Open Educational Media

Filming for Smartphone

Before you can start filming with your smartphone, you need the appropriate apps and gear. For faculty and staff, cost and usability are both concerns, so here are some suggestions for apps and simple equipment to use for video and audio recording.

For iPhones and iPads

VocaLive FREE– free to download and use with an iRig Mic Lav


iRig Mic Lav (wired lavaliere/lapel microphone)
Use the iRig Mic Lav with VocaLive for both audio and video recordings on iOS devices, which it was developed for.  See procedures below.

For Androids

Cinema FV-5 Lite– free to download from Google Play
Use this app instead of the onboard camera app.  Cinema FV-5 Lite gives you access to control the exposure, ISO and other functions, as well as being one of the only free apps to recognize external mics, such as the Rode Smartlav+

Rode smartLav+ Lavalier Microphone for Smartphones and Tablets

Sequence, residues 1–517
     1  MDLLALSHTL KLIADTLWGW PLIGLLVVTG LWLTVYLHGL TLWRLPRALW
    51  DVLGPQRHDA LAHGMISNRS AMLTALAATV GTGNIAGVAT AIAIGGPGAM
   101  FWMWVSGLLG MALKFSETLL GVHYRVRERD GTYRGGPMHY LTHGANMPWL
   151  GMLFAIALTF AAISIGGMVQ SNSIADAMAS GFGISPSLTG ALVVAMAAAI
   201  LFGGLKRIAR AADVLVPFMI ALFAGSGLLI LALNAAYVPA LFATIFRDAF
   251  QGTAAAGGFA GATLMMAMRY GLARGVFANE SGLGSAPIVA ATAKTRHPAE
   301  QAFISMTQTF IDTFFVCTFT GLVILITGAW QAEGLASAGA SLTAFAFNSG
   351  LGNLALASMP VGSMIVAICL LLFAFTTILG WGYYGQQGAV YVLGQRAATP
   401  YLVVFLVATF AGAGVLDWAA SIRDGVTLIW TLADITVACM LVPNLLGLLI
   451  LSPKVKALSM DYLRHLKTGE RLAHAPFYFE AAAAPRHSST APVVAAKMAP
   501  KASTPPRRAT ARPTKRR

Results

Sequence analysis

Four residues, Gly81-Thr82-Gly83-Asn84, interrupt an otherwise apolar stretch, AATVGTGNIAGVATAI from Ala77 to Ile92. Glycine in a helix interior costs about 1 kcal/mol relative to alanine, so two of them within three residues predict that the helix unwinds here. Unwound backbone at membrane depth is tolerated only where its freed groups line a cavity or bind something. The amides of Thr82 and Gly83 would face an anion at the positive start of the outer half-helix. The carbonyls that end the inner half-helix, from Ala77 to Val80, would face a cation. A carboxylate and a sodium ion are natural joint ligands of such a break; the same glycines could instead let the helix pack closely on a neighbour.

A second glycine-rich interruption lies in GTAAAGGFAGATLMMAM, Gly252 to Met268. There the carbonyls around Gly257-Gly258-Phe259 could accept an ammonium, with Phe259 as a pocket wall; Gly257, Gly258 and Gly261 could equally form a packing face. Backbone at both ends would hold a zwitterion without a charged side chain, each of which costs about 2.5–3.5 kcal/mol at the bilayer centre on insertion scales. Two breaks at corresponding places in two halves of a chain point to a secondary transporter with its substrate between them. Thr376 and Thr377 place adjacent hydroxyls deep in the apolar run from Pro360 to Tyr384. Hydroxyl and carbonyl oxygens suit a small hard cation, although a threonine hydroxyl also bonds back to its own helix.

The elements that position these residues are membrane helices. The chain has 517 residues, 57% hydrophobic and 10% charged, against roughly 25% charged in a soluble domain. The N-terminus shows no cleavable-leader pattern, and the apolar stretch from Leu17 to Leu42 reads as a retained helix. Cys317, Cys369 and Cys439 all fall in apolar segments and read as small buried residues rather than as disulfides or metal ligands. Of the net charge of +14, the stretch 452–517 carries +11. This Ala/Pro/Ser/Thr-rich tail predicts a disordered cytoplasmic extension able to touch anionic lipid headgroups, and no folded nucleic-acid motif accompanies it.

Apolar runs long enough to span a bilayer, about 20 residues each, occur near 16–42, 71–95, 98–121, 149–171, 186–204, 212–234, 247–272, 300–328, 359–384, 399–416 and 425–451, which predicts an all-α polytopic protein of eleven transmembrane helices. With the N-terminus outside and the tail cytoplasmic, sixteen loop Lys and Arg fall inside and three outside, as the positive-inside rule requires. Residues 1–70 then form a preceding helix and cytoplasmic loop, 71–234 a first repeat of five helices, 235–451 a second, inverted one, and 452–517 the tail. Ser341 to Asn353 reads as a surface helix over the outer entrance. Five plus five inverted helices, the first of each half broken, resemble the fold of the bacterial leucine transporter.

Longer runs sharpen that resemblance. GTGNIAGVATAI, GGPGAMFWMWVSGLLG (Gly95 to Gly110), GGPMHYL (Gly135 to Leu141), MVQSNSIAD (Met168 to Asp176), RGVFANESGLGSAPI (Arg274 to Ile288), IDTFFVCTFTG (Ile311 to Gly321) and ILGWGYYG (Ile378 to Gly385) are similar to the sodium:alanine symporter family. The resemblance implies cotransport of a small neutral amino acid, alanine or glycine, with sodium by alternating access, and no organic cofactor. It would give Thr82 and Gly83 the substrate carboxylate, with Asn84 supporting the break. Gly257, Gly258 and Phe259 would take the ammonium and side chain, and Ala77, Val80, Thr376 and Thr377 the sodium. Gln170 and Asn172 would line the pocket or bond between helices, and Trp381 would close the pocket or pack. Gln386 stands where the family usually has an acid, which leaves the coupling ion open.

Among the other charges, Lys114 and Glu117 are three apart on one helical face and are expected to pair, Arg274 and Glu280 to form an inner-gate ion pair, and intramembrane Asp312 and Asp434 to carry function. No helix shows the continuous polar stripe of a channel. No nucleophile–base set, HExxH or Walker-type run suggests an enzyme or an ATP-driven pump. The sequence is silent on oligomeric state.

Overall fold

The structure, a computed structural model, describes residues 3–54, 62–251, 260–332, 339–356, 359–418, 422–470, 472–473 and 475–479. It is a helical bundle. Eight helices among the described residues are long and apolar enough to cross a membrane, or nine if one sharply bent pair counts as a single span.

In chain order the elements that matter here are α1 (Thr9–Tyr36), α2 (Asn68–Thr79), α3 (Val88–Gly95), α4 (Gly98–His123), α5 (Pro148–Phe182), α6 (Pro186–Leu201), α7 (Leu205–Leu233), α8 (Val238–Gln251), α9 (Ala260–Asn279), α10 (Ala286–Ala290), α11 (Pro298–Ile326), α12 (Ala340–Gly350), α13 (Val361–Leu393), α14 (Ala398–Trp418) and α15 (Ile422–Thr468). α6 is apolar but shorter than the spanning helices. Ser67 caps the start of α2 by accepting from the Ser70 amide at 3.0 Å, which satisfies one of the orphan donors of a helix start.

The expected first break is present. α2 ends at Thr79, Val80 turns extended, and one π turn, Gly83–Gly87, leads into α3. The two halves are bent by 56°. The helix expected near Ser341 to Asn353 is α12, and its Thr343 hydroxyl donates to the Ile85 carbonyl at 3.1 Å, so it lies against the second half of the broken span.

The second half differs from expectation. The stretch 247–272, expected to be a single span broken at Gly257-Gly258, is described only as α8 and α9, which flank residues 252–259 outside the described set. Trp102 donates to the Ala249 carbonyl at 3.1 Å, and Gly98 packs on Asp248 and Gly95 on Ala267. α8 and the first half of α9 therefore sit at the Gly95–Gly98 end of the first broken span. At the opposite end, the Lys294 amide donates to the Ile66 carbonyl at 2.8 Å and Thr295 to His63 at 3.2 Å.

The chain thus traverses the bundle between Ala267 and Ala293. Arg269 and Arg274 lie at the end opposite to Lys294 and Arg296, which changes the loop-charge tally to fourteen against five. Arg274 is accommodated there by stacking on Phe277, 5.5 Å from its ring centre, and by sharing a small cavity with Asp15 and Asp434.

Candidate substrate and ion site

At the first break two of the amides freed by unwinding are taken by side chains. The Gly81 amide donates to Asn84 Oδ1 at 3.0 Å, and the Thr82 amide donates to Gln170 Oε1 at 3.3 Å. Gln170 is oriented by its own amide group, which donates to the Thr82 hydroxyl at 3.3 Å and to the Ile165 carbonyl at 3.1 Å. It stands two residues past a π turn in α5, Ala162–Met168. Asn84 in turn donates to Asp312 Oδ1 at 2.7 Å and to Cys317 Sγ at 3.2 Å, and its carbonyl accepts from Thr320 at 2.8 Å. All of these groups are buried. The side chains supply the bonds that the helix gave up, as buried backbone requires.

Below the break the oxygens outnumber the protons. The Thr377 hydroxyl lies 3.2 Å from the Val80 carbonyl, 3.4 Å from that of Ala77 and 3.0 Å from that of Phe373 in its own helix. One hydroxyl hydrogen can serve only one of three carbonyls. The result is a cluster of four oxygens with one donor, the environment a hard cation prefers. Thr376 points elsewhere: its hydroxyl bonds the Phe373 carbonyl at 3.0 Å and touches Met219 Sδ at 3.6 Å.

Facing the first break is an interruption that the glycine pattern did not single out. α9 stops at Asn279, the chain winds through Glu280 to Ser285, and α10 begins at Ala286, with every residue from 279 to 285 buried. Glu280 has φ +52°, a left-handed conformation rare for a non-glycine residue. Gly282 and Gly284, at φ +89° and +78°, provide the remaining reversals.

The smartly + can be used on either iOS or Android devices and captures really good audio.


Smartphone Audio Gear 

Sound is extremely important for filming, and for smartphone videos, it can mean the difference between someone watching your video or turning it off.  Using an external mic is always recommended, but the built-in mic can also get decent audio if used properly.

Recording Good Audio on a Smartphone Using the Built-In Mic

If you do not have access to external smartphone mics to attach, then you have to shoot more conservatively to get effective sound quality.  The built-in microphones on your phone are omni-directional, meaning that they pick up sound from all directions: infront of the camera, the sides and behind.  This means sounds can be picked up more easily from background noise and from the camera operator (note: don’t chew gum while filming as the mic can pick that up).

So, in order to work with the limitations of a smartphone’s audio, it’s recommended to stay only 2-5 feet away from the subject.  You don’t want to go too close as a phone tends to shoot with a wide-angle lens, so the closer you get (a foot or less), the most distorted the subject will become.  Filming 2-5 feet away will give you the distance you need for both the lens and the audio, and it will allow you to frame your subject in a closeup (face), a medium shot (hip or belt-level to the top of the head) or a loose closeup/tight medium (sternum to the top of the head).


Recording Good Audio Using Smartphone Lavaliere Mics